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Re: Package development

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  • Subject: [mg62557] Re: [mg62545] Package development
  • From: "David Annetts" <davidannetts at>
  • Date: Mon, 28 Nov 2005 00:57:38 -0500 (EST)
  • Sender: owner-wri-mathgroup at

Hi GL,

> Just completed the online Wolfram course on programming. That 
> was desperatly needed! Been using (sporadically) and reading 
> about Mathematica since version 3 (including 2nd edition of 
> Maeder's book), but there is nothing like hearing someone 
> (Wellin) focusing you on the important stuff. Even if given 
> online, this was a great thing to follow. I am surprised that 
> these formations are not discussed more often in this 
> newsgroup. I guess that many would find answers to their 
> question by taking this short formation (if they have a good 
> boss that can cover the expense...).
> Now the question. I have written a few packages in the past.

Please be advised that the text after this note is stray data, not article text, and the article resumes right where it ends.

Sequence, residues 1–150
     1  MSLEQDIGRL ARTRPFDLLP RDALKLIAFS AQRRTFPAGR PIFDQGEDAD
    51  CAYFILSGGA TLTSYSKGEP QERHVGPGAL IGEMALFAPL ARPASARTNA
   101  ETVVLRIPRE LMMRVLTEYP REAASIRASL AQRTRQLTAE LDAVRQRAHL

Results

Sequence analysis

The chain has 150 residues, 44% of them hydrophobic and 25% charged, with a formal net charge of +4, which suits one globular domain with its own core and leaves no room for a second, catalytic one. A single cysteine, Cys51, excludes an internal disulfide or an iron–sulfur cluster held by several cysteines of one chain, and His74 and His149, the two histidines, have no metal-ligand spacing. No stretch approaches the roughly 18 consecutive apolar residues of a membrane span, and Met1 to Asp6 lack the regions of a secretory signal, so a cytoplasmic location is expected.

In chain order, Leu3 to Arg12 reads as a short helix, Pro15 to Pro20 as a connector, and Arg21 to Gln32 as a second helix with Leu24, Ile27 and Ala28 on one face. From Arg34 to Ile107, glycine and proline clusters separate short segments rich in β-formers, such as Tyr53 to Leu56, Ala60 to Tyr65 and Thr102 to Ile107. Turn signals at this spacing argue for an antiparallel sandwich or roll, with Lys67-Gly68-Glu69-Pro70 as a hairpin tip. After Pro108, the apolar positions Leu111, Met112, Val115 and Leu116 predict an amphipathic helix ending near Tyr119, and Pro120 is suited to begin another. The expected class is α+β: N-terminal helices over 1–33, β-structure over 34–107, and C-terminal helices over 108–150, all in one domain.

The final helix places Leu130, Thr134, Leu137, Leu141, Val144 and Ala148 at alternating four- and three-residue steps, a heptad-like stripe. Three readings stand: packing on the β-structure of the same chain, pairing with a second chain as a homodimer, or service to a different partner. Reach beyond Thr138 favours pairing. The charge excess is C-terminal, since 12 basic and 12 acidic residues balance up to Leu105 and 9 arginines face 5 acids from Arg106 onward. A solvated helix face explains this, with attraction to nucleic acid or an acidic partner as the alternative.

> More recently, I am always questioning myself to know if I 
> should develop it directly in an ASCII .m file or use the 
> notebook format  and rely on the autosave package feature 
> (initialization cells). I like the idea of  developing the 
> package in the notebook format to have all the formatting 
> features that ease reading, but at the same time, I hate to 
> loose all the comments I put in when the *.m file is created. 
> Of course I could put comments in the input lines of the 
> notebook, but then I am better writing the ASCII file. Also, 
> I could save the notebook as a package through "Save as 
> Special" (that puts all the headers and text in comments, 
> which is not done with the autosave package feature), but 
> this is not an automated way of doing things. I am just 
> seeking opinions from Mathematica power users. Which way do 
> you develop packages?

I haven't written anything using an ASCII editor since V3.0 which was when
the front end became available for Windows systems.  The advantage (to me
anyway) of using the front end is that I can prototype each of the functions
that will end up in the package as I go.  With ASCII editors (then BRIEF,
now CRISP), it's a little more difficult.

I don't find lack of comments in autogenerated packages a problem since such
files tend to be barely readable because they are formatted for an 80-column
display.  Things get even more interesting if you use a lot of special



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